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Maria Stromberger: A Nurse in the Resistance in Auschwitz

Maria Stromberger: A Nurse in the Resistance in Auschwitz Maria Stromberger: A Nurse in the Resistance in Auschwitz SUSAN BENEDICT Medical University of South Carolina During World War II, Maria Stromberger (Figure 1) was employed, by her own choice, as the Oberschwester (head nurse) in the SS (Schutzstaffel, Nazi Security Staff ) infirmary of Auschwitz, one of Nazi Germany’s most infamous concen- tration camps. While there, she risked her life numerous times to save Polish inmates from torture and death. For this, she was made an honorary member of the Austrian Union of Former Prisoners of Concentration Camps, but she has otherwise received little recognition for her bravery. Auschwitz has come to symbolize the extermination camps of Nazi Ger- many. It was both the largest concentration camp and the largest killing center. It is located on the outskirts of O¡wie˛cim, Poland, 50 kilometers (km) southwest of Krakow and 286 km from Warsaw. The idea to build a camp in Poland began in 1940 by the SS and the district police because there was no facility adequate to hold the large number of Polish resistance prisoners. The first buildings of what was to become the Auschwitz concentration camp were fourteen one-story army barracks and eight two-story buildings built during http://www.deepdyve.com/assets/images/DeepDyve-Logo-lg.png Nursing History Review Springer Publishing

Maria Stromberger: A Nurse in the Resistance in Auschwitz

Nursing History Review , Volume 14 (1): 14 – Sep 1, 2006

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Publisher
Springer Publishing
ISSN
1062-8061
eISSN
1938-1913
DOI
10.1891/1062-8061.14.189
Publisher site
See Article on Publisher Site

Abstract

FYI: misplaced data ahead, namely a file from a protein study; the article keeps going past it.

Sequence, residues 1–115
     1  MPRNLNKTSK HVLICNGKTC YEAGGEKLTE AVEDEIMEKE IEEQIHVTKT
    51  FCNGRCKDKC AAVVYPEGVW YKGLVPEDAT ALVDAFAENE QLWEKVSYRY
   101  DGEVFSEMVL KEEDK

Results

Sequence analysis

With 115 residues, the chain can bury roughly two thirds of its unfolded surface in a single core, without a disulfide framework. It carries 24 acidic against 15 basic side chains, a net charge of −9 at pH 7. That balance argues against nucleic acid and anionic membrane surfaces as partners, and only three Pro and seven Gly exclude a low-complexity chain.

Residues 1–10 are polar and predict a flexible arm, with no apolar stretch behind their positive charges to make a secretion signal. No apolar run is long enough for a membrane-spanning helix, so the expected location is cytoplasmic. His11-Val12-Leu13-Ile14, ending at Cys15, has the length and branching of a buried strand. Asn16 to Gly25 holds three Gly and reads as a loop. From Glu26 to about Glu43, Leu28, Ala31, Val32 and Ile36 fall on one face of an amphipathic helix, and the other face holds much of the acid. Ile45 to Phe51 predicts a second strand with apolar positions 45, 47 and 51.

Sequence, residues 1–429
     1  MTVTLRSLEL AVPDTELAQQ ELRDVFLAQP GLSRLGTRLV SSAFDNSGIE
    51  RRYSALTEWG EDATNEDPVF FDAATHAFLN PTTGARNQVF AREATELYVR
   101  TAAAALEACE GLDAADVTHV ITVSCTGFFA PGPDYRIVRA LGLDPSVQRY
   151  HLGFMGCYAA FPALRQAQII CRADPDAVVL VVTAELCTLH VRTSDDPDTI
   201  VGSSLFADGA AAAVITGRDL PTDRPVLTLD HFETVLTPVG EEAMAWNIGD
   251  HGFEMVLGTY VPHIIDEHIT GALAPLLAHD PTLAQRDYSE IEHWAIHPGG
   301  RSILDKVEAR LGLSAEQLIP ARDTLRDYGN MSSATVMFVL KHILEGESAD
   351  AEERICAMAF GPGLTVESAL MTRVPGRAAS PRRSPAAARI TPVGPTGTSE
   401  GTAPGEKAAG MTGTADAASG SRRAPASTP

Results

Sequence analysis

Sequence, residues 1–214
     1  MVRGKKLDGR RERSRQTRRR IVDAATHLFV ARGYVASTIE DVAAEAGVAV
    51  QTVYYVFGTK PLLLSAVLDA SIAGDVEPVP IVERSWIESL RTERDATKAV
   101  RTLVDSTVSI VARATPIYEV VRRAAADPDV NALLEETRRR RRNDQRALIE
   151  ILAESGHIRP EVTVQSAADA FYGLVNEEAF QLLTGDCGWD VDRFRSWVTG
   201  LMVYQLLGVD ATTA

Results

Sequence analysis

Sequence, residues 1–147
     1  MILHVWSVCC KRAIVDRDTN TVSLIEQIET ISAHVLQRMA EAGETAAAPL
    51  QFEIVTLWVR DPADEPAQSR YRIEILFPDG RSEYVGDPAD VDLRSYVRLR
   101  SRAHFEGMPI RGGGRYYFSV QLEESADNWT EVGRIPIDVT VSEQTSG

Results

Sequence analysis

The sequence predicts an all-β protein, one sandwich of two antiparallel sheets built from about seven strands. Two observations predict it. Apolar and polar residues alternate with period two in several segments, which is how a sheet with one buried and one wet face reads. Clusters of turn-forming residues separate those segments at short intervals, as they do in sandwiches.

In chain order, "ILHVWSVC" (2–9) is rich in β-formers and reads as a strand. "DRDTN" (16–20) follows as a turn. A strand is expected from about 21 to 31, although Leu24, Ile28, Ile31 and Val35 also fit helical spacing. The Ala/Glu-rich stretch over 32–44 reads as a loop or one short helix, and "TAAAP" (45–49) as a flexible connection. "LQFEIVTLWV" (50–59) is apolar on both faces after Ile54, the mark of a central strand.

Maria Stromberger: A Nurse in the Resistance in Auschwitz SUSAN BENEDICT Medical University of South Carolina During World War II, Maria Stromberger (Figure 1) was employed, by her own choice, as the Oberschwester (head nurse) in the SS (Schutzstaffel, Nazi Security Staff ) infirmary of Auschwitz, one of Nazi Germany’s most infamous concen- tration camps. While there, she risked her life numerous times to save Polish inmates from torture and death. For this, she was made an honorary member of the Austrian Union of Former Prisoners of Concentration Camps, but she has otherwise received little recognition for her bravery. Auschwitz has come to symbolize the extermination camps of Nazi Ger- many. It was both the largest concentration camp and the largest killing center. It is located on the outskirts of O¡wie˛cim, Poland, 50 kilometers (km) southwest of Krakow and 286 km from Warsaw. The idea to build a camp in Poland began in 1940 by the SS and the district police because there was no facility adequate to hold the large number of Polish resistance prisoners. The first buildings of what was to become the Auschwitz concentration camp were fourteen one-story army barracks and eight two-story buildings built during

Journal

Nursing History ReviewSpringer Publishing

Published: Sep 1, 2006

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